Which, finally, brings me to Innale! In Innale, the heroine starts with apparently no choices. She has lost her memory and her identity, and has landed in a small hospital in a small town. But in fact, it is these very lacks that provide her with choices. After recovering physically, she is approached by the local businessman/bus owner who owned the vehicle involved in her accident. He first speaks with her doctor, and her doctor’s son, asking permission, or at least their opinion, on whether he should propose to our heroine. But, they refuse to give a strong opinion one way or the other, or even speak to her on his behalf. They leave it entirely up to her as to what her response will be. And her response is horror! Not only is he an older man, he is already married, and is only offering her the position of “2nd wife” in his household! At first she looks shocked, but then she quickly changes and starts hitting and yelling at him, throwing him out of the room. Only after she has almost defeated him on her own, does the doctor’s son enter to finish the job, throwing him out of the house entirely.
How different is this than the way the same scene would play out without amnesia! There is no official family member around who would make the marriage decision for her, there isn’t even anyone around she can easily call on to punish this man for his insolence on her behalf. And the end result is empowering! She finds it in herself to react with anger and violence, with no sense of that “good girl” holding back. She is perfectly capable of taking care of herself, but she is only able to show that because there is no one else to take care of her.
(See also: Queen!)
On this essential scene is the rest of her character built. Her doctor’s son finds her a job teaching at a nearby school, and offers her a house to stay in, alone. She isn’t saved and happy through falling in love, through a hasty marriage, but rather through finding confidence in herself, work she enjoys, and building a connection with the community, her doctor, her students, everyone.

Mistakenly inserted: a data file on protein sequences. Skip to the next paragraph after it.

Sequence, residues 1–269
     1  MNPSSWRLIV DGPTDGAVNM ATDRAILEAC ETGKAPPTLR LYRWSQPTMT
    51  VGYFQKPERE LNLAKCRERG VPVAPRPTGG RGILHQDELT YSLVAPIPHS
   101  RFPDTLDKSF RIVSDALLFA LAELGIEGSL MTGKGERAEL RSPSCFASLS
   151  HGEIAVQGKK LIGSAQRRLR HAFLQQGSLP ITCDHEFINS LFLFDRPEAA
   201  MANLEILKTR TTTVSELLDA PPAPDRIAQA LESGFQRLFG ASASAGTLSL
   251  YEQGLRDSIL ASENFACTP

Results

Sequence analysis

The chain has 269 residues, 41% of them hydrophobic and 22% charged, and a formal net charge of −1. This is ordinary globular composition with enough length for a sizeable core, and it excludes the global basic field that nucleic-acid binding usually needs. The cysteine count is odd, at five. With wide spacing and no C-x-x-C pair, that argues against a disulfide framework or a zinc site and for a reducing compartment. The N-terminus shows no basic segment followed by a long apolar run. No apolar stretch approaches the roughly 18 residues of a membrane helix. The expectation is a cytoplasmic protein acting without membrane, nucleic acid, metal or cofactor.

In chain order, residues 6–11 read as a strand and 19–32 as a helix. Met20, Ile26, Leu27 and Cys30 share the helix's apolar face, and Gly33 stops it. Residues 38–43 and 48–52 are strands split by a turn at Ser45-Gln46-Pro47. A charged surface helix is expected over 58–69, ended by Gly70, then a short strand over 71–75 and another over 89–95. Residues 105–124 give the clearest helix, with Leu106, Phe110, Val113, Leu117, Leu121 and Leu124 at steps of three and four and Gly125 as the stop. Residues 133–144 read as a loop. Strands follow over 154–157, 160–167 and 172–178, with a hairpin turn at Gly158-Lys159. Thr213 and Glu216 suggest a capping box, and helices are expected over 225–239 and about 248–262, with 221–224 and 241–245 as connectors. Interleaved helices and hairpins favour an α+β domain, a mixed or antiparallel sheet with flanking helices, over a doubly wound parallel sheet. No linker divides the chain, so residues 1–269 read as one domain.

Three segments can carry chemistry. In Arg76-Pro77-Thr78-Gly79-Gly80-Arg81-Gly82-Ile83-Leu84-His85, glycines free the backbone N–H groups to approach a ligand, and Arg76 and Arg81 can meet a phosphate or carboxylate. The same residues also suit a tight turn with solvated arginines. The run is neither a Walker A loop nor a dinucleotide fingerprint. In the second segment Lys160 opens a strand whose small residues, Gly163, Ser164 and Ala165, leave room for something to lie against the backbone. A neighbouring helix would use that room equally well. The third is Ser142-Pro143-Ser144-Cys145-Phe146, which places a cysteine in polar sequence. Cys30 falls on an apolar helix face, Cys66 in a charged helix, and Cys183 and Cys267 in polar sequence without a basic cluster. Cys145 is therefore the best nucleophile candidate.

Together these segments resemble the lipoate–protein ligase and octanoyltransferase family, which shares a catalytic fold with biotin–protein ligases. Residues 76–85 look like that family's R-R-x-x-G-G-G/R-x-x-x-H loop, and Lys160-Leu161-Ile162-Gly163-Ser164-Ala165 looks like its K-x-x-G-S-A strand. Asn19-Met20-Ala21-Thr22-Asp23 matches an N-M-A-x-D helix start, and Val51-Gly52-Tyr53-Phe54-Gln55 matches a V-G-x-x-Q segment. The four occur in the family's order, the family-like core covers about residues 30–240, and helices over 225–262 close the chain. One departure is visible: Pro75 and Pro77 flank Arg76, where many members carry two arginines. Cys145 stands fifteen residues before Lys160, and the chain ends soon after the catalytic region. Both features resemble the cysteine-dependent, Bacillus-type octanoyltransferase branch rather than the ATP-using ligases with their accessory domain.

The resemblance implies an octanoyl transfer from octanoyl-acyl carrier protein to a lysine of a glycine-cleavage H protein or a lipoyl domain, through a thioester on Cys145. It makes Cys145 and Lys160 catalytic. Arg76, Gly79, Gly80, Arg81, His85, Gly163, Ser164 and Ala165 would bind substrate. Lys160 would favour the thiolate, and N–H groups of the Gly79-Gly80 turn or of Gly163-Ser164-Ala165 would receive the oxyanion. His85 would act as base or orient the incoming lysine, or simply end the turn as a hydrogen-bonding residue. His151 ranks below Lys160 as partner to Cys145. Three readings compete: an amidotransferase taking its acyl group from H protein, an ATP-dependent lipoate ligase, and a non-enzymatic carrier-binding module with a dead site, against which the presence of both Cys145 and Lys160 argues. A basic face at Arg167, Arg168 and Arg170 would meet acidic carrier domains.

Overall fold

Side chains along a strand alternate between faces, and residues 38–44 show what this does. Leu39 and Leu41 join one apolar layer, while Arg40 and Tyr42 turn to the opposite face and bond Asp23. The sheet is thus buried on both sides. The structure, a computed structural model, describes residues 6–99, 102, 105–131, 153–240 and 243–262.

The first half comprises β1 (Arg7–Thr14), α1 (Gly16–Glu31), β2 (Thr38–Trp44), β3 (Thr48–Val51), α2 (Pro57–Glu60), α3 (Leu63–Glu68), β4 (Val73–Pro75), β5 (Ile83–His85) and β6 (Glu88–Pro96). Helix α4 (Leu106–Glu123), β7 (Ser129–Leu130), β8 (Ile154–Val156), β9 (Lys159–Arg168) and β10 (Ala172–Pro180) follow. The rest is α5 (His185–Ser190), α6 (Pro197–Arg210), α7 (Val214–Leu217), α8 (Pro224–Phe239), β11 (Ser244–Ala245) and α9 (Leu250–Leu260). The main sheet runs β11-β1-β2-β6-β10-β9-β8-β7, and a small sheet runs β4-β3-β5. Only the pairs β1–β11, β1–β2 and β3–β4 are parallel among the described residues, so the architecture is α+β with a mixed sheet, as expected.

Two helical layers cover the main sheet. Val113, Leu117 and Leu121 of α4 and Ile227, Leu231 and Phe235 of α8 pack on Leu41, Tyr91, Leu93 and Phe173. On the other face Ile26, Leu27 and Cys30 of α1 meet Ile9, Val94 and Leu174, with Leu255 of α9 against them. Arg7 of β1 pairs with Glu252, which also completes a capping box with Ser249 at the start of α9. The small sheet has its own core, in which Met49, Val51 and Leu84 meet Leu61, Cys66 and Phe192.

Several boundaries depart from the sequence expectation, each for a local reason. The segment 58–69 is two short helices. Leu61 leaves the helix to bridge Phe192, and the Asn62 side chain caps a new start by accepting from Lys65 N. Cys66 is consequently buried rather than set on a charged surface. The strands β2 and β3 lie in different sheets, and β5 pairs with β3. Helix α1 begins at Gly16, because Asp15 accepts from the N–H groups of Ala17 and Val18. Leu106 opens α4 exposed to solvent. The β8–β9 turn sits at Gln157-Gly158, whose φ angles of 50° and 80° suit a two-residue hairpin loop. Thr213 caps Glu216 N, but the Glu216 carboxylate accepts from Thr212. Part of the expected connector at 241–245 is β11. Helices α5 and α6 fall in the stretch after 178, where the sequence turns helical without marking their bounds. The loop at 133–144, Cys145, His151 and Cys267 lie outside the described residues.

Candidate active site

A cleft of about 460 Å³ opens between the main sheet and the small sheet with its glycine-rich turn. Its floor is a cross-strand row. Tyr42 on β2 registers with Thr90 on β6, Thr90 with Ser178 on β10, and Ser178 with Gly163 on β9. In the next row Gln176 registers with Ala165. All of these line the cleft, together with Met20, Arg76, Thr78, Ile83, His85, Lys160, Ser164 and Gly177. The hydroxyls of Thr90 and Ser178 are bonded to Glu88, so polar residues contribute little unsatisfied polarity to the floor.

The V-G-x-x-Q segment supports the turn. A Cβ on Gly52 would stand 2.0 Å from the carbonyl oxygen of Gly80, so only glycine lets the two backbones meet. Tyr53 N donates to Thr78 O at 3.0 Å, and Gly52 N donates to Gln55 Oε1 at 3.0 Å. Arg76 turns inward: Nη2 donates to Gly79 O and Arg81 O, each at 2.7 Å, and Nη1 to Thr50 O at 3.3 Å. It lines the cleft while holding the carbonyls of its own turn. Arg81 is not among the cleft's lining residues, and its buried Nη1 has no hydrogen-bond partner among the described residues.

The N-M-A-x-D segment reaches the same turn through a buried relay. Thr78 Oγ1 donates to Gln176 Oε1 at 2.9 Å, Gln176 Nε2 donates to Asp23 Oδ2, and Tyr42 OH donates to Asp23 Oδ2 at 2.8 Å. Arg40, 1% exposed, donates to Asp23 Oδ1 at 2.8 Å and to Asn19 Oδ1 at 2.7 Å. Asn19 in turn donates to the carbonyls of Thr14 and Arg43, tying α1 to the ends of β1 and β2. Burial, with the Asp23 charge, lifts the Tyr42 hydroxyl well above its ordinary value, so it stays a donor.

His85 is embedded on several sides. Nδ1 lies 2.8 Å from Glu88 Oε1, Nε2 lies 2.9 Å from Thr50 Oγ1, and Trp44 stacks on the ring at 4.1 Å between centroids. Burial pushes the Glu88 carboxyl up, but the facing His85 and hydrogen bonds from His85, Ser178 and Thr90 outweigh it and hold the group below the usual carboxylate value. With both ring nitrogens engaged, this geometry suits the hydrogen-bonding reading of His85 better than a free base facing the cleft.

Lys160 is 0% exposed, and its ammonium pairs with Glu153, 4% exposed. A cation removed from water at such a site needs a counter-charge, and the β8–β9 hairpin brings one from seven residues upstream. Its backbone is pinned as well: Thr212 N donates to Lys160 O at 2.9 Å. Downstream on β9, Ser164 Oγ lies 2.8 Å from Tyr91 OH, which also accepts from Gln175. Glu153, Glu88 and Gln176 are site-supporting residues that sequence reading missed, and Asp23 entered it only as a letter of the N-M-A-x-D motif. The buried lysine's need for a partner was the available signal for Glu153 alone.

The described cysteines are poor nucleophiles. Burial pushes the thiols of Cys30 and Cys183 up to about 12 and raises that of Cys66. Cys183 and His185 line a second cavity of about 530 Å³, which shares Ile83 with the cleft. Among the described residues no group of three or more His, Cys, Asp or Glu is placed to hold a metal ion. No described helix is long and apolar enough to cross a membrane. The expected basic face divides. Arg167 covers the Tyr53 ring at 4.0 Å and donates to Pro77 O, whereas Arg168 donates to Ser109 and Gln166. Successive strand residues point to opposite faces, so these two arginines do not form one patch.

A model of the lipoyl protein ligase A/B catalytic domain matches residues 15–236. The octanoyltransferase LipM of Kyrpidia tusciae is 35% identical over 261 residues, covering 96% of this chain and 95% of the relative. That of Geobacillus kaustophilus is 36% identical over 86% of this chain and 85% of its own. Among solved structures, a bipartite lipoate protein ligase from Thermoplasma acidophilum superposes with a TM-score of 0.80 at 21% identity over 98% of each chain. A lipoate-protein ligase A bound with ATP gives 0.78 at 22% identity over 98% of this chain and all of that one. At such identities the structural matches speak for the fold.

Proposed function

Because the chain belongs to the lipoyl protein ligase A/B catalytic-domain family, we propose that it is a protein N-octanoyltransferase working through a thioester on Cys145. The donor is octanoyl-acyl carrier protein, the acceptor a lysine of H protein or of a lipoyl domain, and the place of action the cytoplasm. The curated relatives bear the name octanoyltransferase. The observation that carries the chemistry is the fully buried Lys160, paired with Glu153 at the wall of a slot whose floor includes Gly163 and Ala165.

Only after that, after she has become happy and comfortable on her own, does the doctor’s son propose to her. He specifically says that he has loved her since he first saw her in the hospital, but he waited until now to speak, until she was stronger and safer within herself. And at that point, his mother asks him to wait. Not because she disapproves or worries about what might be hidden in her unknown past, but because she worries about the future. She wonders if someday the amnesia will go away, or her family will find her, and she will want to leave their little community and her new life. And the resolution is not that she discovers how much the couple loves each other, but that she decides the heroine is fully settled into this life, and even if she has to leave, she will always choose to return. Phew! So many pronouns there! Shobhana! That’s the name of the actress. I’m using that. The doctor worries that Shobhana isn’t fully settled into this life and might one day want to leave, but she finally decides that even if Shobhana ever has to leave, she will always return, not just because she believes that her son and Shobhana truly love each other, that was never in question, but because Shobhana loves her whole life here.
Which brings us to the twist! Warning! SPOILER SPOILER SPOILER!!!
Shobhana was married in her past life! For almost 2 hours we have gone along watching her build her new life and become happy there, and we have almost forgotten about the “mystery” of where she came from. But then the mystery is solved, and it turns out to have been fairly simple all along, almost as simple as the obvious solution the characters previously believed.
The obvious solution is that her whole family died in the accident which injured her. The bus she was on was a whole package tour thing, traveling through out India, full of a variety of passengers. Everyone else died, and even when her photo was printed in the newspaper, nobody who came forward could recognize her. The simplest assumption was that she was a young woman traveling with her family, and all of them were killed in the accident, so there was no one left to look for her. Therefore, it made sense for her to choose to build a new life in this new place and only look to the future, not the past.